Grilling

The fuel: Flavor differences come from a food's drippings, not from the briquettes or hardwood charcoal cooking the food. Drippings seep out of the meat and fall onto the hot coals, burst into flame and coat the food with newly formed molecules which result in that unique grilled flavor and aroma.

Grilling thick pieces of meat: Sear the meat over the coals, shift the meat to one side of the grill and coals to the other, and cover, creating a makeshift oven. This will cook the meat through without burning the outside.

On wine

Wineglasses: The shape is not nearly as effective as people claim, so buy what you think looks pretty.

Hyper-decanting wine: Whiz wine in a blender for a minute, allow the froth to subside and serve. This oxygenates and releases gases.


Follow-Up Postings:

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RE: Speaking of Nathan Myhrvold-------

Thanks, Dcarch.

Some of this was new to me, some of it I already knew, but at least one bit of info I need translating into ordinary kitchen tool speak. I guess I'm too lazy this morning to translate what 200ppm would be with common sense measuring tools. Would it be a drop of bleach to a cup of water?

Sally


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RE: Speaking of Nathan Myhrvold-------

dcarch, Wow. Thanks for the useful information.

I'm a little confused about the fruit and vegetable directions. As I read it, I would submerge a pear in 113 degree water for 40 minutes. But a tomato gets submerged in 140 degree water for 30 seconds. Am I reading the chart (which isn't a chart on my screen) correctly?

Knowing how to extend the shelf life of fruits and vegetables would really be helpful for me!


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RE: Speaking of Nathan Myhrvold-------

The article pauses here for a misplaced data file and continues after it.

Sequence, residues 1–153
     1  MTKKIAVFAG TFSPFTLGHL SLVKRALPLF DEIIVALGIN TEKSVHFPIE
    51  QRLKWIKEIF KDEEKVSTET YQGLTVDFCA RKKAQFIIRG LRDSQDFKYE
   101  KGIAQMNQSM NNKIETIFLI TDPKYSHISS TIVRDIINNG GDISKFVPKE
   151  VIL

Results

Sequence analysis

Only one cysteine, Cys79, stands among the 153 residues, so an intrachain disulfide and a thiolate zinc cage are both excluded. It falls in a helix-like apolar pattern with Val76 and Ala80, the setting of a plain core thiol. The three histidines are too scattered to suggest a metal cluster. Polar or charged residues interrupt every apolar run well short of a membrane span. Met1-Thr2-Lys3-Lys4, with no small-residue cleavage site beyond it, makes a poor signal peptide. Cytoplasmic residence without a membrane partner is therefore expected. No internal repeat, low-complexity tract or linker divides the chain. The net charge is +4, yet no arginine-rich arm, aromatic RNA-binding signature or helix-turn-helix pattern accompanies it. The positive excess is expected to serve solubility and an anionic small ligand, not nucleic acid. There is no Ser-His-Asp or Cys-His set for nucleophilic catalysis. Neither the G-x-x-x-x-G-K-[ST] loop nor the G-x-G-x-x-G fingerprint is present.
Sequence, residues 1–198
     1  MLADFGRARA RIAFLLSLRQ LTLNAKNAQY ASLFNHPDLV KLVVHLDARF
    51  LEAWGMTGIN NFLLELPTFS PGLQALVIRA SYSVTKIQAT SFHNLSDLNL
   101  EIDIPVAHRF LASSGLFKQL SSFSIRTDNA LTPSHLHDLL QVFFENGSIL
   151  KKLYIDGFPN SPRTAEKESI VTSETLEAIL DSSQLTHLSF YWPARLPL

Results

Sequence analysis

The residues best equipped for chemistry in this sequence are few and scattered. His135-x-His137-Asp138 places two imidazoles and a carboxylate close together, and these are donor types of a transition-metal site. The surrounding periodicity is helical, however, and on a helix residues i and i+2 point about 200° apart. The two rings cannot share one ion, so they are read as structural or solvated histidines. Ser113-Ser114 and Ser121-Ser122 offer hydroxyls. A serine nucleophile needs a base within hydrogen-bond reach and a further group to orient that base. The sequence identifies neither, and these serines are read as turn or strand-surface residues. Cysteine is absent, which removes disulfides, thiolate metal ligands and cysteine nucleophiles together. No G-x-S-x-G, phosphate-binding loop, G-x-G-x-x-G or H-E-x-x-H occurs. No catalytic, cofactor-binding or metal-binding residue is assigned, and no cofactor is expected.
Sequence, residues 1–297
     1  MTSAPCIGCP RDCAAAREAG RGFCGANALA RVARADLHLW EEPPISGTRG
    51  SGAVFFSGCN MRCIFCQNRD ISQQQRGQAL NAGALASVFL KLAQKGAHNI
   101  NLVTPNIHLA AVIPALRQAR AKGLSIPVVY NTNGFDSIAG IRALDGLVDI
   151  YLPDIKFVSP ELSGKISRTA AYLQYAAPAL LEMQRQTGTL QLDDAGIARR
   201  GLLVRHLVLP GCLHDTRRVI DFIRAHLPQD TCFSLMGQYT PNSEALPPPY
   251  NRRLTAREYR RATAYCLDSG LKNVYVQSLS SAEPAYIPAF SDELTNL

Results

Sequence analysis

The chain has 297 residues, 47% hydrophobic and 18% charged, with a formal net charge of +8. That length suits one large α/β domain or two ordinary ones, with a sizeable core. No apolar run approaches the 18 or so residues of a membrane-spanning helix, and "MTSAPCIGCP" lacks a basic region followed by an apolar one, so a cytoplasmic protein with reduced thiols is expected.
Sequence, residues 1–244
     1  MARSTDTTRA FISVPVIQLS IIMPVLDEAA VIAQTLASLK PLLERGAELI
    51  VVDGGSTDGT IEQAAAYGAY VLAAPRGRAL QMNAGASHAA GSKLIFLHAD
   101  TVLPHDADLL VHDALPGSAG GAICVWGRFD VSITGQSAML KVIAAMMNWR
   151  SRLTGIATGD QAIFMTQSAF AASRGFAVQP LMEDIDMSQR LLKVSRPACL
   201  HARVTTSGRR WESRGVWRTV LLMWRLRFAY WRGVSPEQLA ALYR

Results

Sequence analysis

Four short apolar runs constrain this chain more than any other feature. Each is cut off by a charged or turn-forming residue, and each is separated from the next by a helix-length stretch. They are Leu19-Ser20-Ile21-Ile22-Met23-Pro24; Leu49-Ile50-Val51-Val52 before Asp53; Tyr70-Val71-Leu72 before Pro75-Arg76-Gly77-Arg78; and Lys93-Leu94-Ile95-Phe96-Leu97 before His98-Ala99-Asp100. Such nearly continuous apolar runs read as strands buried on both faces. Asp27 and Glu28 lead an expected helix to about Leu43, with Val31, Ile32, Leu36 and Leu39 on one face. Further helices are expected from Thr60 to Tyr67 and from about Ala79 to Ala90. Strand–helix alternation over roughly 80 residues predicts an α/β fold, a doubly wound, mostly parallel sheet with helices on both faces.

HOLY COW (and a cow might be cheaper to buy!), I just checked amazon.com for Myhrvold's cookbook. Marked down to a mere $450 from the usual price of $625.


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RE: Speaking of Nathan Myhrvold-------

I've never even heard of this cookbook author, but charging $450 for a cookbook almost guarantees that he's a pretentious prat. No thanks.


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RE: Speaking of Nathan Myhrvold-------

I think calling this a "cookbook" maybe isn't a good choice of words. It's 6-volumes, 2,400 pages.

I would enjoy working my way through this, I'm sure.

I'll let others decide if he's a "pretentious prat". :)

/tricia


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RE: Speaking of Nathan Myhrvold-------

Posted by Donna.in.Sask "I've never even heard of this cookbook author, but charging $450 for a cookbook almost guarantees that he's a pretentious prat. No thanks. "

I agree with you $450 is beyond ridiculous for a cookbook.

But this is not your normal cookbook. Google the author and the "book" and see what others have said and why this book was old out several times.

dcarch


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RE: Speaking of Nathan Myhrvold-------

dcarch, my first thought was "how arrogant to charge $625 (MSRP) for a cookbook." But, then I started reading the reviews on amazon. I especially liked the review by the guy from egullet.com. Here are his pros and cons:

Pros:
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* Level of detail is incredible
* Covers the "how" and the "why" of every detail of the cooking process
* Depth and breadth of coverage is... well, worthy of 2400 pages
* Stunning photography, graphic design, and even printing

Cons:
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* Many of the recipes are very challenging
* Coverage of hyper-expensive equipment can be off-putting
* Too tall to fit on any normal bookcase

Regardless of how fabulous the book is, even the Amazon discounted price of $450 is simply out of the reach of most home cooks. The soon-to-be published home version at $150 is still out of the reach of many.

Here is a link that might be useful: Amazon link to Myhrvold books


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RE: Speaking of Nathan Myhrvold-------

Actually, there are many members on egullet have that book and almost all of them are home cooks.

dcarch